Was this the end of the “Bull Market”? The headlines, comments and talking heads would have you believe the end as we know is at hand. Being that I am not a speculator or prognosticator it is hard to argue for or against the rationals doled out the last month plus about the current market environment. What I do know is that the selling today confirmed the break of support yesterday on the S&P 500 index. As we discussed last night the break back below 1978 was a negative for the index and today confirmed just how negative it was. Our target is and has been 1910 if we broke support and with the close today at the 1950 level we still have some work to do, but it was a start on the move lower. The bigger challenge from my short term perspective is the potential break of the intermediate trendline off the November 2012 lows. The close was right at the trendline. This is all on our list of things to watch going forward. The direction as we have stated will unfold and today went a long way in defining that as the downside potentially. We have now retraced 62% of the move off the August low and if that fails to hold near term the 100% retracement is the 1910 target.
The bigger question from my view is a catalyst; what pushed the indexes lower? I am not sure we could give any one thing credit, but we could add them all up and toss on the top of the pile today’s economic data and give it the tipping point credit. Markit PMI was below August data, ISM manufacturing was well off the expected 58.5 with 56.6 reported, car sales were off with Ford down 3% and construction spending fell 0.8%… need we say more? It is easy to blame the economic data from today as the catalyst, but it is just the latest in a progression of data being stagnant or falling. Add in the global data of late and it confirms that the outlook remains slow to no growth. The key is to watch as it all adds up and as I stated in the morning notes, eventually it collapses under it’s own weight. Today attests to that fact.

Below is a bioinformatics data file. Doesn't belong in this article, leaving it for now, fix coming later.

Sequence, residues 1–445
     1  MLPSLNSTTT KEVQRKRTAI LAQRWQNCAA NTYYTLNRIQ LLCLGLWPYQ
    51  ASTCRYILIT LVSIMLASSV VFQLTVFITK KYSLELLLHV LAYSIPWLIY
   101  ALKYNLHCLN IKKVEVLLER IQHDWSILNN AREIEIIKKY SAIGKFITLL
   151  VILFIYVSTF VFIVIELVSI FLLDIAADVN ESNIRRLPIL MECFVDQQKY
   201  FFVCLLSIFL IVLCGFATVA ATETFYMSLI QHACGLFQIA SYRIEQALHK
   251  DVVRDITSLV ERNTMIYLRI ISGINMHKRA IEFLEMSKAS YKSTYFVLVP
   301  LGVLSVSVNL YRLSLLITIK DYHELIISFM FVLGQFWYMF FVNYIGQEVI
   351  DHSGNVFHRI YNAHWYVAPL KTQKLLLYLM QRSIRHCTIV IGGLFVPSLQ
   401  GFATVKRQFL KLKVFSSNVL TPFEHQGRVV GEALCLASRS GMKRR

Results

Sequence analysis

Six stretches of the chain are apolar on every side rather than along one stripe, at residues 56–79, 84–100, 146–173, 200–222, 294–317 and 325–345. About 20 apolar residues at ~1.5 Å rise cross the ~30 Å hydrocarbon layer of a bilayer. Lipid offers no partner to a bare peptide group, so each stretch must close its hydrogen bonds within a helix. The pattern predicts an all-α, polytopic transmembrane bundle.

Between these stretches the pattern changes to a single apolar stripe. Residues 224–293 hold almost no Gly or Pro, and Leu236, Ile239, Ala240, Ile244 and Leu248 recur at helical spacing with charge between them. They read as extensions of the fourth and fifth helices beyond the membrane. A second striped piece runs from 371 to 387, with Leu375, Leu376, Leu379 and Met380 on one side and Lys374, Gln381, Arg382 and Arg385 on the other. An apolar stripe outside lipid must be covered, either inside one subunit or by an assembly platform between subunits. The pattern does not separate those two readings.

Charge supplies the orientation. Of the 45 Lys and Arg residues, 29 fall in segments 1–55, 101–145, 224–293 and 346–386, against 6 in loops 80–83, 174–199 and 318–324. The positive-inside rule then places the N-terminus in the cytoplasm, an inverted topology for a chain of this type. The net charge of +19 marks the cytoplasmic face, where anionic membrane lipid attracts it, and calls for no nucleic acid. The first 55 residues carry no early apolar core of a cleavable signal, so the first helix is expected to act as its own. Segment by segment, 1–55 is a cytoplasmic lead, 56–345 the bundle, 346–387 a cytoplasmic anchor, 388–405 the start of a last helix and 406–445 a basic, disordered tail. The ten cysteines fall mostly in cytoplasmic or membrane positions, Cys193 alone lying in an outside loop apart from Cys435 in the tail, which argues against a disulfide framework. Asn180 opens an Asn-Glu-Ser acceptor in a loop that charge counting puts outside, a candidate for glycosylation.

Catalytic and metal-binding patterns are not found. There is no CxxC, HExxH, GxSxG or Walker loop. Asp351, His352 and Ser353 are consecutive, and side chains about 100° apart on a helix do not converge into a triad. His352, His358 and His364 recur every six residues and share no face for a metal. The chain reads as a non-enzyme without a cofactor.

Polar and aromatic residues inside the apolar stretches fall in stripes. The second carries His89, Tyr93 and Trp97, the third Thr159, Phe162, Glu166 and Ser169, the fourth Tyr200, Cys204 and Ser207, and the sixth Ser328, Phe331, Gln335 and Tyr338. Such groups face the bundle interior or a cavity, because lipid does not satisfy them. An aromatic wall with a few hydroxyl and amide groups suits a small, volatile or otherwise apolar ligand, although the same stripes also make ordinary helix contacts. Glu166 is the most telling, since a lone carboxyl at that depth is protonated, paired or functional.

Small caps remain the downside leader and was on our list of charts to watch last night. The Russell 2000 index declined 1.5% and broke the 1090 mark of support on the close. Without some type of news, data or report to reverse the downside move it could get uglier for the index. The short side of this sector has worked nicely the last two weeks and we will address that in the model holding the positions. Biotech was the one sector adding to the downside pressure as it fell 1.8%. This is not over and we have to remain diligent in managing the risk of the indexes, sectors and overall principle moving forward.
The biggest losers in the sectors were basic materials, telecom, industrials and energy. The others were better, but the damage was done as we headed into the close on the day. As we posted in the trading notes this morning it did open the door for some new short trades today in material, industrials and energy. The sellers were in control from the opening bell and now they are emboldened by the day and it will be of interest how the week plays out with the jobs report due on Friday.
The conclusion to the day… risk avoidance is the theme as traders raise cash and head for the exits. The longer term investors are sticking with it for now, but they have to be prepared to exit or raise cash should the longer term trendlines break. Plan your strategy and execute your plan with confidence. Don’t wait for the dam to break to seek shelter from harms way. Our morning update will address the new opportunities based on the result of the moves today. Remain patient, disciplined and focused on your strategy.